Stephanie Lee is a mixed media artist best known for her jewelry and plaster work. Her work has been published in Somerset Studio, Belle Armoire and Somerset Workshop. She regularly teaches sold-out workshops both in the US and abroad. Stephanie has written two books: The first, Semiprecious Salvage, focuses on her jewelry techniques. The second, Plaster Studio, is co-authored by Judy Wise.
Q: What are you working on right now?
A: Lotsa plaster. (It’s everywhere!) Judy [Wise] and I are working on our online class offering which means a ton of experimenting in the studio! [The Plaster Studio workshop is underway; you can learn more about it here.]
Q: Why do you make art?
A: This is one of those questions that I never quite know how to answer. Not exactly because I don’t know the answer, but because I feel like the answer should be something a little more insightful than “because I just do.”
Q: What’s your current favorite, can’t-live-without-it tool?
A: Gosh. I’d have to say my 12” wide metal trowel. Seriously. I can get some wicked awesome texture in plaster AND create a super smooth honed surface. It’s my go-to multi-tool. Love!
Q: What’s the best book you’ve read lately?
A: I read a lot and love each book for different reasons. I recently read Steven Covey’s 7 Habits of Highly Effective People and despite the cheesy title and industry exclusive language, I loved the heart of the message and felt reaffirmed in a lot of the beliefs I have about life, relationships, and taking action.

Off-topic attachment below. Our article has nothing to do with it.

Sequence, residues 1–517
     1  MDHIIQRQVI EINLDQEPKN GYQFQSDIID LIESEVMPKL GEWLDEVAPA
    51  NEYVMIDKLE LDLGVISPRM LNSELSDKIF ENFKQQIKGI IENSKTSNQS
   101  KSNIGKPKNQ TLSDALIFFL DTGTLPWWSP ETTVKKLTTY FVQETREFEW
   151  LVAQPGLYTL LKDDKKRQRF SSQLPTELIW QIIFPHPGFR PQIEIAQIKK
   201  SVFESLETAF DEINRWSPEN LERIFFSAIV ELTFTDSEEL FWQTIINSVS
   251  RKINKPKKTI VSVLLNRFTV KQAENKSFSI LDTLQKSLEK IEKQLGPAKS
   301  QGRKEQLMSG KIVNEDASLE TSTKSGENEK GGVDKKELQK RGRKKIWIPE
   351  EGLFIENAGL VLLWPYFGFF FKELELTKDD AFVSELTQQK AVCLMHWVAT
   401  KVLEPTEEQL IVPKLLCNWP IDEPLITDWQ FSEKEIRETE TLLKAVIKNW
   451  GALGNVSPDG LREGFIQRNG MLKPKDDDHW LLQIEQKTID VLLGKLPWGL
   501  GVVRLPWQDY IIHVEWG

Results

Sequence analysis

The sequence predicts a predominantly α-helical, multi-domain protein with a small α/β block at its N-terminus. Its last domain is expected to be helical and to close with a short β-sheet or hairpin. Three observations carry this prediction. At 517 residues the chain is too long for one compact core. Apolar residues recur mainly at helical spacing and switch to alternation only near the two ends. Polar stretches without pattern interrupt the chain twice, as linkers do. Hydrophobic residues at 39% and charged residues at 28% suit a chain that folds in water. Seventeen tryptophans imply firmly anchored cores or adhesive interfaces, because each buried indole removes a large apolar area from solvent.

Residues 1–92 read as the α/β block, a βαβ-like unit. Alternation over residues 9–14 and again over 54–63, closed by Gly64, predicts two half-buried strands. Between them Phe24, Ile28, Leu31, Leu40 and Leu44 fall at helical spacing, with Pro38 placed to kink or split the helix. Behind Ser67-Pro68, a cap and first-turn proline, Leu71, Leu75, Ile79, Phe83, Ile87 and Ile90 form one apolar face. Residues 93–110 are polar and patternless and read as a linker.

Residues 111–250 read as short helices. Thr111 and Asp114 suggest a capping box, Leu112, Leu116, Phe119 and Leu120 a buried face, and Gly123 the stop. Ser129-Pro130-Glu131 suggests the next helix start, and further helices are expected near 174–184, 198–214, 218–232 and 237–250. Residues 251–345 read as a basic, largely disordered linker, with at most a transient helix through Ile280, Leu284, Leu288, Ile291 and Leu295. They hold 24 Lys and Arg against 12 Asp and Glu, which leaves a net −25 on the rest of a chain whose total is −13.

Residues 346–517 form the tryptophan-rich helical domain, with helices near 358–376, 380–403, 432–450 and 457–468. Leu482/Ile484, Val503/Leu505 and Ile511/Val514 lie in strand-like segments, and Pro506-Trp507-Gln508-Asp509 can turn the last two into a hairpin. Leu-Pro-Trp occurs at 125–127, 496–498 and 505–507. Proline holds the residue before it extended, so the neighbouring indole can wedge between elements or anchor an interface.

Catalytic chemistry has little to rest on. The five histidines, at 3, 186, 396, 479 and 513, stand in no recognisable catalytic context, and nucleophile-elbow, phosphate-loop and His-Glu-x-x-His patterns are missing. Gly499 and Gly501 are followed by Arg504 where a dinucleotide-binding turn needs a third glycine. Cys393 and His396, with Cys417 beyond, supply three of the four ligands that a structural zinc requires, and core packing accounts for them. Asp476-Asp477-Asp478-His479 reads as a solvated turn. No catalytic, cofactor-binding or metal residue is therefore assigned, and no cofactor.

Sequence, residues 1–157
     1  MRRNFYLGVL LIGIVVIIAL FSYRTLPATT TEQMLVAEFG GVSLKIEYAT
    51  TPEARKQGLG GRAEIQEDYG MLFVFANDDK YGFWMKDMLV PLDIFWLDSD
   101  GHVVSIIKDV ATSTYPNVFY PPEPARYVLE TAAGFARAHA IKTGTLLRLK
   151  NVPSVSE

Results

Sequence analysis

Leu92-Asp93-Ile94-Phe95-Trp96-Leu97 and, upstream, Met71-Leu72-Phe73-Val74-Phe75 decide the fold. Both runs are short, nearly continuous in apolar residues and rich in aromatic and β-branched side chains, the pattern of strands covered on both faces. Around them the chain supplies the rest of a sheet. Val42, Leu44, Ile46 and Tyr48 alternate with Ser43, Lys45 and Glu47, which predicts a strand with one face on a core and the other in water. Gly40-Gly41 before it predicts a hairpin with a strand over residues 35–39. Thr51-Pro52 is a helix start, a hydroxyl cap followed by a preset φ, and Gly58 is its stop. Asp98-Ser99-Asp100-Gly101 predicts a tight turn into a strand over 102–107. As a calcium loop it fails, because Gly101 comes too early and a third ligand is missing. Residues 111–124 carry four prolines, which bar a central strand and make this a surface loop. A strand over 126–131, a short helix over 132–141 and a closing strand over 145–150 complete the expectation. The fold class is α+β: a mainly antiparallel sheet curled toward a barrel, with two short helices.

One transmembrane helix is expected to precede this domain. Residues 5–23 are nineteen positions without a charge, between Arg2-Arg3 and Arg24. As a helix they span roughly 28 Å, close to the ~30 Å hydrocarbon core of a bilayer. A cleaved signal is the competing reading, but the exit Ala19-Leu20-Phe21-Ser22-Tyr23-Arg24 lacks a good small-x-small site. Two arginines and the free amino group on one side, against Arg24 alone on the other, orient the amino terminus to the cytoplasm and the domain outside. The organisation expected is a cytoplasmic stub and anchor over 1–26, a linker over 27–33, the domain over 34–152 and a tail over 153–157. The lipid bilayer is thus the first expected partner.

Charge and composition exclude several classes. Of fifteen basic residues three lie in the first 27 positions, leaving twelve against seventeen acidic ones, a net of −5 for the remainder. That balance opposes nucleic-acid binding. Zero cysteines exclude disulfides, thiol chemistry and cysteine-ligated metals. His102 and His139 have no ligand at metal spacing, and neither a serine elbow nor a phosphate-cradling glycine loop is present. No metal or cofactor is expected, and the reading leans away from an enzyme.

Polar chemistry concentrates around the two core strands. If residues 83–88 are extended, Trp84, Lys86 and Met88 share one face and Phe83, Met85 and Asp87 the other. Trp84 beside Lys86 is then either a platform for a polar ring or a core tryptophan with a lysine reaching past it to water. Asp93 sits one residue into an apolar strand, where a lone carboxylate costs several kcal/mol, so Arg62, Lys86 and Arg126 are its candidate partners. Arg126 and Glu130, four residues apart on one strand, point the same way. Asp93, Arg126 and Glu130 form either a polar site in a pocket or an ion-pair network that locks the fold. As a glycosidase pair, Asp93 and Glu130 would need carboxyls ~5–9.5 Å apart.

Q: What’s the most inspiring trip you’ve ever taken or adventure you’ve ever had?
A: My imagination’s most inspiring adventures are still on my to-do list. A week (or more) hiking in each of our national parks, sleeping in the top of a 200 foot Redwood tree (in a tree hammock of course), and spending a month in another country in service.
However, there is nothing like a road trip across the Oregon/Nevada/Utah desert in spring to awaken all my senses and get my mind in creative mode. There is something about the wide sky and the even wider hours it takes to cross that land that stretches my ideas of life and art and what kind of person I want to be. Then again, a long weekend in energetic Portland isn’t half bad either.
Q: What’s the last thing you cooked?
A: Fish tacos. A family favorite. With fresh-pressed corn tortillas, black beans, green salsa, chipotle mayo, shredded green cabbage, and crisp-broiled cod (or halibut). Yum!
Q: If you could surround yourself with only one color, what would it be?